Tuesday, January 27, 2015

Fairfield

There is a suburb in the north of Melbourne called Fairfield. R, I asked, let's catch the train to Fairfield and have lunch. I knew nothing of Fairfield, except, there were some old memories.

My first boyfriend was R's ex. His mother lived in a cheap flatblock at the corner Carlisle and Barkly Streets in St Kilda. The block is still there, but has been upgraded. He introduced his mother to me as Sue, The St Kilda Do. I, the innocent naive country lad, was so shocked that he could speak about his mother in such a manner. She was pretty rough around the edges and had married a wharf worker at a young age and produced many children. Behind the clouds of Ardarth cigarette smoke, she was nice enough and certainly a fun person.

I recall taking her to bingo once, in Wright Street, Middle Park, in a church hall or something like that. That was my first and last experience of bingo.

I can't remember too much but it was back in the days when Punt Road had a centre lane which changed direction according to traffic flow. The traffic was horrendous and it took ages to get along Punt Road and Hoddle Street. Hey, what has changed in 30 years? I was taking her to her daughter's place in Fairfield. My boyfriend, the daughter's brother, was already there. I think her name was Gail and her husband was Ron. Maybe, I am really not sure. They had a brand new Datsun 180B and took us to a bakery in Station Street to buy lunch. Well, we all would not have fitted in the car, so I can't really remember the details.

So say in about 1979, I did visit Station Street, Fairfield but as you would guess, it was pretty well a new experience to visit Station Street in 2015.

We walked the length of most of the shops and I stopped while R walked to the very end. No sooner than I was alone, a middle aged woman asked me if I was with anyone. I replied yes and wandered away. Unknown to me, R had looked back and saw her speak to me. When he returned he asked who it was. I replied, I think I was just propositioned.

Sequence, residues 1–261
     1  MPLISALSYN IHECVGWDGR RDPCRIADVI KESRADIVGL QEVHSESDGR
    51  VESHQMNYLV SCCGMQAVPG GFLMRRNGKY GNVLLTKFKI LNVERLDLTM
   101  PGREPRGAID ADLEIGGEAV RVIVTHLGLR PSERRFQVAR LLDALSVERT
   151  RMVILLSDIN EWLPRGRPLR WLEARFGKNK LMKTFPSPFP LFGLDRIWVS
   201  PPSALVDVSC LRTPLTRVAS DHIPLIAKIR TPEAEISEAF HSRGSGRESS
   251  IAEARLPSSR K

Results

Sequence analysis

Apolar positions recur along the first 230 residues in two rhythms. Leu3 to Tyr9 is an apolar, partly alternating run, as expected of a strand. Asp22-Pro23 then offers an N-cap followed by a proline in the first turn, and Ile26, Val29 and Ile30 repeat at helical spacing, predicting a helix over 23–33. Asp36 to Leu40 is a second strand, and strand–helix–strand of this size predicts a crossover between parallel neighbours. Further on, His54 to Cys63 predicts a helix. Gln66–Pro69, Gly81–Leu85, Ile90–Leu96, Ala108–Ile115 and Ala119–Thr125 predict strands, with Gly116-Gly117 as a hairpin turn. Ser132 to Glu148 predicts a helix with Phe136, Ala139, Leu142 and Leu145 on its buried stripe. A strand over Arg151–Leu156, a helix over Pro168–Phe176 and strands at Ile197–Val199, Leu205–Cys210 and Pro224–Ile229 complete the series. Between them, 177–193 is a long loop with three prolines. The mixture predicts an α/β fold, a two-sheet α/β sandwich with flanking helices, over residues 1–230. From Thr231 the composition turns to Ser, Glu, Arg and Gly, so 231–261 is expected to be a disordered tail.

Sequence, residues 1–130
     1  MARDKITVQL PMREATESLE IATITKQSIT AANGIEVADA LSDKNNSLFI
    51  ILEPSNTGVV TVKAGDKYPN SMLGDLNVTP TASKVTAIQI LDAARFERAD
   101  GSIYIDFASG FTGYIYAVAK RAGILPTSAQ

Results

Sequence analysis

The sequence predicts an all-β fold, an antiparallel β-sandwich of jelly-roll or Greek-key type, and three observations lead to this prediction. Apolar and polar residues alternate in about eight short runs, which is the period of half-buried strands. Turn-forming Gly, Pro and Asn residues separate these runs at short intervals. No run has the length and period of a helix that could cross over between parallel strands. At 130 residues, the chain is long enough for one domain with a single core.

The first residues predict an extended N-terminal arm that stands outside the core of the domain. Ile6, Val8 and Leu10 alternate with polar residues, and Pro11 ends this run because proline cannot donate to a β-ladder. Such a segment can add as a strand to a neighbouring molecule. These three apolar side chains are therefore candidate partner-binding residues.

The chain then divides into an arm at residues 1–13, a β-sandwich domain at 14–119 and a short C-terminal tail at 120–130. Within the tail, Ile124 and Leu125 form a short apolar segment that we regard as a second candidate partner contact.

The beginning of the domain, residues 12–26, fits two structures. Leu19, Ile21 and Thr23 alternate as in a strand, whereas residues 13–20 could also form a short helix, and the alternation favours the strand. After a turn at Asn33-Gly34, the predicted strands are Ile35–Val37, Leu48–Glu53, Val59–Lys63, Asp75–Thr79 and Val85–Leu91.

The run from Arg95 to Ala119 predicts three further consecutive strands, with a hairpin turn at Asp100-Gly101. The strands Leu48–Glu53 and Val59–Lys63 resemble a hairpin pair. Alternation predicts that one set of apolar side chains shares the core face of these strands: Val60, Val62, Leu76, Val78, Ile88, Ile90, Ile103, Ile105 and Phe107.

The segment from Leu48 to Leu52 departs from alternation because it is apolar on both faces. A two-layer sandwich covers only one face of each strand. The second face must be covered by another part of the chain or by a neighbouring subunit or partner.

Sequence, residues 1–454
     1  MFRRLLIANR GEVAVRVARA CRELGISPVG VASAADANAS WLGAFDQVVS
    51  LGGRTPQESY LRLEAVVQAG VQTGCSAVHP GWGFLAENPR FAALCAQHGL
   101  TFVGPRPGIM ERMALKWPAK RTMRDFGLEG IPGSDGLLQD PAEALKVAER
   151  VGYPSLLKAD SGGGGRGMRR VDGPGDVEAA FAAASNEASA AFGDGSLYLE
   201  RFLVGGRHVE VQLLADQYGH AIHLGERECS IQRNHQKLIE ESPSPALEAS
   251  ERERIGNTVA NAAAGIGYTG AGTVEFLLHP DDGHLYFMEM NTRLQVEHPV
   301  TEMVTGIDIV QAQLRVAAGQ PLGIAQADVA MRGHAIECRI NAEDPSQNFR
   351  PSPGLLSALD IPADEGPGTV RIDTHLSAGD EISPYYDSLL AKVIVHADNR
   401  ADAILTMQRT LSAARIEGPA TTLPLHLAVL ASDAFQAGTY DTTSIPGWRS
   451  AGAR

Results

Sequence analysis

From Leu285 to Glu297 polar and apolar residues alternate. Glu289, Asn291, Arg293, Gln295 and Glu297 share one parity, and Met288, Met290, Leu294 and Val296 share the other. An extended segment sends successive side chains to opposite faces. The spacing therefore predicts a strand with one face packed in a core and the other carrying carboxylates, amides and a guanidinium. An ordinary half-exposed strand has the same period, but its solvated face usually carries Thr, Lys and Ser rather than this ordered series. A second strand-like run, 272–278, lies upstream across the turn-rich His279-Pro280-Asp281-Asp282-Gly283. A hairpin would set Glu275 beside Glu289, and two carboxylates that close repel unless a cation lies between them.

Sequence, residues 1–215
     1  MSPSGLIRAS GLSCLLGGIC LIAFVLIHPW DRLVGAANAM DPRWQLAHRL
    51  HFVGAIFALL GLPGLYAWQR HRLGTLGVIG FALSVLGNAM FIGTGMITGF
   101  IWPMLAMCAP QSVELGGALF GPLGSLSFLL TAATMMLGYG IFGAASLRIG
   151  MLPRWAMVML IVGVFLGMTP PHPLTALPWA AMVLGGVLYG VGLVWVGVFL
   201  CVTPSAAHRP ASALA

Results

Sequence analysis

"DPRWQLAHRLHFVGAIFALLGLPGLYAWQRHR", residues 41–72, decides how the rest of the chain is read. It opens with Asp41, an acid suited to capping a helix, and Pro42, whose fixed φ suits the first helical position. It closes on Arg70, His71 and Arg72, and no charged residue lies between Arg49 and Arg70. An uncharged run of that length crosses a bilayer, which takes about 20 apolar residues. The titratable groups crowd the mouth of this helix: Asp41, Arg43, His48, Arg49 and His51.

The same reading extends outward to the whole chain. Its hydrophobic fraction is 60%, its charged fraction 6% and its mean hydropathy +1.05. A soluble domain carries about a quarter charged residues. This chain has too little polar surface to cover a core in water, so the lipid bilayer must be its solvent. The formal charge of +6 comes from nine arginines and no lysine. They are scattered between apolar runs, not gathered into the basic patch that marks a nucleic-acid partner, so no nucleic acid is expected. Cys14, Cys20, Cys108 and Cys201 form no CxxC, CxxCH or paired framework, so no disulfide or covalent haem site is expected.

We found a bakery type cafe and I had the best pastie I have ever eaten. Well done Deganis. Look out, here comes your girlfriend, R remarked. I caught her eye and she gave not a flicker of recognition. We only spent an hour and half in the street before catching the train back to town for a little shopping.

The very handsome 333 Collins Street, taken from Flinders Street. 


Flinders Street Station has a fascinating history. There are so many locked doors and areas and rooms that are no longer in use.


Fido watches over Station Street, near the station. I believe he is internally illuminated, which must be a little interesting to see.


The street was very very busy.


Unknown by me until we were leaving, there are even more shops and cafes on the other side of the railway line.



The outbound station platform.


What an extraordinary device. I believe it is called 'selfie stick'. Did you receive one as a gift for Christmas?


Station Street did not turn out to be very photogenic, but it was interesting to see.

21 comments:

  1. andrw, the suburb seems interesting . But the most interesting is a station platform.. Wow the fido looks funny

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    1. Agreed. I love those old railway stations. This one is much smaller than usual.